Or there were some stories that, on the initial read, were fantastic. But the more we read them, the more we began to see problems. Remember, one of the biggest challenges here is word choice. The idea of the story may have been brilliant, but the writer either rushed it or didn’t fully understand what she or he was doing and, because of that, took a misstep that ultimately hurt the story.
A lot of what else I saw this time around were stories that read more like first sentences, or stories that read like a random sentence or two plucked from an unpublished short story and attempted to be passed off as Hint Fiction. Something like:
That morning my grandfather gave me the keys to his old Fold pickup truck.
Um, okay. (Note that this example and the ones that follow are my own taken from the top of my head; none are taken from the stories submitted.)
There were also "stories" that were not stories at all but more like lines out of a fortune cookie. Or a movie pitch. Or a story synopsis. Like:
The monster is hiding under Jimmy's bed. Will Jimmy survive the night?
Jimmy knows he's under the bed. Watch out, Jimmy, here he comes!
And before anyone asks, no, I am not exaggerating. I received a very large portions of stories just like that. On the flip side, I received a good number of stories that were very well done. Nothing necessarily wrong with them; they just didn't win me over. Ask an editor at any magazine: they'll come across stories that are well-written, well-done, but that just aren't right for them. That's how it was in this case.
You see, nothing like this has ever been done before. What this anthology is ultimately going to do is define what Hint Fiction is and what it can be. And as I read through the 2,000+ stories, I realized this important basic truth:
Hint Fiction is not a complete story (a beginning, middle, end) but it is complete, in which it can stand by itself.
Look at Hemingway's story. It stands perfectly by itself. It doesn't read like the first sentence of a story, or even a random sentence plucked from a story. It's complete without actually being complete.
So with that in mind:
Jimmy could never decide which monster was worse -- the one under his bed or the one he called Daddy.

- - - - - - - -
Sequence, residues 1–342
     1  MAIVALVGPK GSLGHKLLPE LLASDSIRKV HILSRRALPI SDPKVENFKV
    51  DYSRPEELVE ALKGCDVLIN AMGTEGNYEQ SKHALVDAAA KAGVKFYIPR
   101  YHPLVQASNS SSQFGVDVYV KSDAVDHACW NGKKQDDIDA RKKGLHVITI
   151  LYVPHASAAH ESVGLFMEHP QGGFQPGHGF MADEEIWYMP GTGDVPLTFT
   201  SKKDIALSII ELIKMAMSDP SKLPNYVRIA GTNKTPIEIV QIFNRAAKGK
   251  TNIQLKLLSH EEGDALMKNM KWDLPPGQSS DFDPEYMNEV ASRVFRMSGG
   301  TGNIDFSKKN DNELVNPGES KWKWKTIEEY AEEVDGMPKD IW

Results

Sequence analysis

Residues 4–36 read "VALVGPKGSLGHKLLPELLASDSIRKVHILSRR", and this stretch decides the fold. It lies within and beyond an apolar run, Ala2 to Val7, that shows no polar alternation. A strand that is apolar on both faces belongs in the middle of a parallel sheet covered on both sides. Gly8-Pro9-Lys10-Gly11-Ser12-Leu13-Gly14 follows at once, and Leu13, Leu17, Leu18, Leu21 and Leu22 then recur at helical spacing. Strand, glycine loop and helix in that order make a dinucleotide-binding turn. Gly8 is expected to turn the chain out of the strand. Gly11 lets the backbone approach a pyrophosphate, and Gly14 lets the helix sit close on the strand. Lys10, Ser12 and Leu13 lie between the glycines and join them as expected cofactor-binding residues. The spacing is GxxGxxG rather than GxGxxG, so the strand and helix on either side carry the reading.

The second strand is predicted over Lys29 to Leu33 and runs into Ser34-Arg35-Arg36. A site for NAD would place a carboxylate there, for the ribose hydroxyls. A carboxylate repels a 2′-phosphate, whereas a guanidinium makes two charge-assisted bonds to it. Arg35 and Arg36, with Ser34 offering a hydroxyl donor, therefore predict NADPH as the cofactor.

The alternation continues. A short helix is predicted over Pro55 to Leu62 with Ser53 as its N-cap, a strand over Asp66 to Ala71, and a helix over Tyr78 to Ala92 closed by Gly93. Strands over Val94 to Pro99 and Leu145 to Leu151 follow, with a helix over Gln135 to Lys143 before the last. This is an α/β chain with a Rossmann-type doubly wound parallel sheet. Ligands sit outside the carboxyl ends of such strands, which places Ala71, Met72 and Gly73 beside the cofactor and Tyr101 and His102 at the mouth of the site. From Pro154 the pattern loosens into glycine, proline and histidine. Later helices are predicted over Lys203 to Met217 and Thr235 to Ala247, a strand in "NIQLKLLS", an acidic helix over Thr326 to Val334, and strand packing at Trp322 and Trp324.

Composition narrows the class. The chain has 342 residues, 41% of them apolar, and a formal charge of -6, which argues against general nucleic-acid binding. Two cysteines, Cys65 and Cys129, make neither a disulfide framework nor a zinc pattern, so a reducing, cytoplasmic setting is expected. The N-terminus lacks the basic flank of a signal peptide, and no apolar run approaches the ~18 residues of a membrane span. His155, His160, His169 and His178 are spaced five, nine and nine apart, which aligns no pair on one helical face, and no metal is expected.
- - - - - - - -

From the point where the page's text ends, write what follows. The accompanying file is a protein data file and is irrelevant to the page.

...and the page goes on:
A little more complete, sure, but ultimately it's also trite. Which is another hurdle writers face when writing Hint Fiction. With so few words, writers tend to depend on cliches without even knowing it.
In a perfect world, this anthology will be wildly successful and after a couple years there will be a chance to do another anthology. And if that's the case, I suspect the quality of submissions will increase one hundred fold (keeping in mind that there will also be the usual crappy slush). Will that happen? Time will tell, I guess, but I'm not holding my breath.
Finally, months back I asked what makes a professional writer. After having sent out all rejections, I saw a wide range of professionalism and unprofessionalism. The most notable was a writer/editor who basically said that I was wrong and his stories were in fact right for the anthology. (Classy for sure.) Then there was another writer who wrote back asking what "anthology" she was being rejected from, as she did not remember ever submitting to it in the first place. (Take the extra minute and do a quick search through your own e-mail before making an ass out of yourself.) And then there were a handful of writers who wrote back thanking me for my time but then saying something along the lines that it wasn't a big deal that their stories weren't picked as they didn't spend too much time on them anyway. (Really? Is that supposed to hurt my feelings or something? If anything, you're making yourself look like an idiot for admitting you didn't really work on your stories, so yeah, of course your stories didn't make the cut.) And then finally there were the writers who responded with a nice note saying thanks for reading, which was completely unnecessary but appreciated nonetheless.
So there you have it. I can't think of anything else to add, though I have been fighting the flu all weekend and still not 100% so I'm sure I might be missing something. Until next time ...